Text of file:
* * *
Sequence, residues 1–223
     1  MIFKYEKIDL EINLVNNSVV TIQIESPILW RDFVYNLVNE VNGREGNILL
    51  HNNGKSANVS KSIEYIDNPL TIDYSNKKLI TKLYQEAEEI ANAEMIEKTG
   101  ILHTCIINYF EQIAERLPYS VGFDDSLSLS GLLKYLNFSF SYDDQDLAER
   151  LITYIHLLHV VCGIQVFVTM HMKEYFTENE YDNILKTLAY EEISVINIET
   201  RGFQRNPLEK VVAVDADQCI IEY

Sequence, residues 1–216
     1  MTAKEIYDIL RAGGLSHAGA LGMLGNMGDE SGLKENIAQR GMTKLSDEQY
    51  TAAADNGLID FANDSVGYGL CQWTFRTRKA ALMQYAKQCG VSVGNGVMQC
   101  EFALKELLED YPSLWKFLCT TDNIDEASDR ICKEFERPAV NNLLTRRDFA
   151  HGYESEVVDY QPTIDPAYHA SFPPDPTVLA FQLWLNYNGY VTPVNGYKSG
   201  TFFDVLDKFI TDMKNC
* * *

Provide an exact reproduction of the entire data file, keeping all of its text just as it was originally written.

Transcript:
Sequence, residues 1–223
     1  MIFKYEKIDL EINLVNNSVV TIQIESPILW RDFVYNLVNE VNGREGNILL
    51  HNNGKSANVS KSIEYIDNPL TIDYSNKKLI TKLYQEAEEI ANAEMIEKTG
   101  ILHTCIINYF EQIAERLPYS VGFDDSLSLS GLLKYLNFSF SYDDQDLAER
   151  LITYIHLLHV VCGIQVFVTM HMKEYFTENE YDNILKTLAY EEISVINIET
   201  RGFQRNPLEK VVAVDADQCI IEY

Sequence, residues 1–216
     1  MTAKEIYDIL RAGGLSHAGA LGMLGNMGDE SGLKENIAQR GMTKLSDEQY
    51  TAAADNGLID FANDSVGYGL CQWTFRTRKA ALMQYAKQCG VSVGNGVMQC
   101  EFALKELLED YPSLWKFLCT TDNIDEASDR ICKEFERPAV NNLLTRRDFA
   151  HGYESEVVDY QPTIDPAYHA SFPPDPTVLA FQLWLNYNGY VTPVNGYKSG
   201  TFFDVLDKFI TDMKNC